One of the main reasons that make hunt plots successful is they give deer a variety of food during the fall hunting seasons. Keep this in mind because if you plant too early deer will be hitting the area before you want them to and your plot will be ravaged and consumed before you get a chance to use it.  You also don’t want to plant to late either.  If you plate too late you risk not having enough growing season to get solid growth out of the seed you plant, resulting in a growth stunted plot.  Along with planting too late you need to be out of your hunting area completely at least by late August so you don’t disrupt any deer patterns with the season being just around the corner

Typically I like to plant my hunt plots during late July or the early part of August. I know this is during the heat of the year but I have found it to be the perfect time to get a good solid plot ready for October.  Cross your fingers that Mother Nature will help you out with some rain and some relatively cooler temperatures for this time of year.

Note that I seed my plots during late July and early August; you will need to start your prep work two-four weeks before you start planting.


The best thing about planting hunt plots is that anyone can do it! They are fairly inexpensive and easy to build.  In fact one person armed with a chainsaw, tiller, and elbow grease can knock out a few plots in a couple of weekends.

The first step is to know where you want to plant your hunt plots, what shape you are going for, and decide how many plots your land can hold. You have to analyze the lay of your land and locate bedding areas as well as major travel corridors.  When you are looking for those areas note any piece of your property that might already be partially cleared, as mentioned early in the article these are great natural spots and they save preparation time.

Once you have your plan mapped out planting a hunt plot is the same as a normal food plot. You have to clear the land of any unwanted brush or trees, doing this will allow sunlight to hit your plot and promote seed growth.  Along with brush and tree removal you will need to kill any weed growth with chemical and then prepare the earth for planting.

Hunt plots do require some equipment, but you don’t need a tractor or even an ATV for that matter. In all honesty I use a heavy-duty tiller and push power that I rent for the weekends I am working on my plots.  In addition to a tiller and mower I use a rake for dirt work, a backpack sprayer for weed control, and a handheld seed broadcaster.  I know this may sound like a lot to tackle but it really isn’t that much.  If you have a small tractor or ATV with accessories and can get to your plot site then by all means go for it, but I am here to tell you large equipment is nice but not necessary.  It is a use it if you have it, but don’t worry if you don’t have it concept because you can get by without it.

What you plant in your hunt plot is up to you. I usually go with a blend of perennial seeds so that I won’t have to replant year after year.  You should use your first year hunt plots as your research year.  If deer like what you are planting then continue with that selection the following years.  If you notice that deer aren’t hitting your hunt plot then it might be wise to switch to a different choice for the next year.  Your options of choices are endless, the best advice I can give is to consult a coop employee or an actual seed manufacturer and let them know what you are doing.  They will give you the best options for your project.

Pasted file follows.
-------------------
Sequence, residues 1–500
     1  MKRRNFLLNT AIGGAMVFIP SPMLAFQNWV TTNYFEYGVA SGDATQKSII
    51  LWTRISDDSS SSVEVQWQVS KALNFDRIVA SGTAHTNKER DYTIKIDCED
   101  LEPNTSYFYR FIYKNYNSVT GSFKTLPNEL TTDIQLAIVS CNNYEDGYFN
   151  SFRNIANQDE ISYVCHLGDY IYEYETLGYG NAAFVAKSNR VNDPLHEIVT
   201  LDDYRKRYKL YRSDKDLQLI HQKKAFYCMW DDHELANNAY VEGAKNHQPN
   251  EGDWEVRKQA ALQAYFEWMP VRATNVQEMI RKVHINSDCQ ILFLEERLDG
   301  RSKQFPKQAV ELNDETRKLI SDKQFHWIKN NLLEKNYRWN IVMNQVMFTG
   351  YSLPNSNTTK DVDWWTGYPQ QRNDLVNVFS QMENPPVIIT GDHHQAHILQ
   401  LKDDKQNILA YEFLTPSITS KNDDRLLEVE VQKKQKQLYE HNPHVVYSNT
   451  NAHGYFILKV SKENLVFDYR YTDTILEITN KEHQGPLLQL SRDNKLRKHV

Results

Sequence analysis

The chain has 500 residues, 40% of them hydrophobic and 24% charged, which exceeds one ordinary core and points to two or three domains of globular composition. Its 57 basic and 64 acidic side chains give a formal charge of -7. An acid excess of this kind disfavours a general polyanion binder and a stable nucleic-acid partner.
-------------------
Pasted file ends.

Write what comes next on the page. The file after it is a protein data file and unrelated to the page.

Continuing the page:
Once you have your seeds down the rest is up to Mother Nature.


The answer is absolutely! As long as your land can hold a large food plot I say go for it.  Just remember that hunt plots and food plots should be thought of as completely different.  If you want to have a food plot and hunt plots on your land the food plot should be used to give your deer food during the winter, spring, and summer.  The hunt plots should be used to get the deer to come eat in the comfort of cover during the fall hunting seasons.


Hunting over hunt plots is the same as any other place you would hunt. You need to pay attention to the main travel corridors and the wind direction.  Place your stand where the prevailing winds will sweep your scent away from the majority of approaching deer and the hunt plot itself.

My stands are usually 10 yards off of the plot tucked inside of timber. This just gives me added comfort that deer will not spook if they are using the plot and still allow me a shot into the plot itself.

Sometimes I won’t hunt over the plot at all; instead I will hunt the major trail heading to the plot. This has proven successful as I tagged the 157” buck I mentioned early in the article using this method.

Hopefully this article has shed some light on the hunt plot concept. These small tactical plots have been extremely beneficial to our family farm and have yielded some great deer for myself and others that hunt our farm.  Hunt plots are by no means a 100% guarantee that you will harvest a giant buck, but they do add another element in the pursuit of those giant whitetails we strive to put a tag on year after year.

Remember that hunt plots are to be thought of as a small strategically placed food plot within the cover that deer use on your property. Spend some time analyzing your land this spring and implement some hunt plots for the upcoming seasons this fall.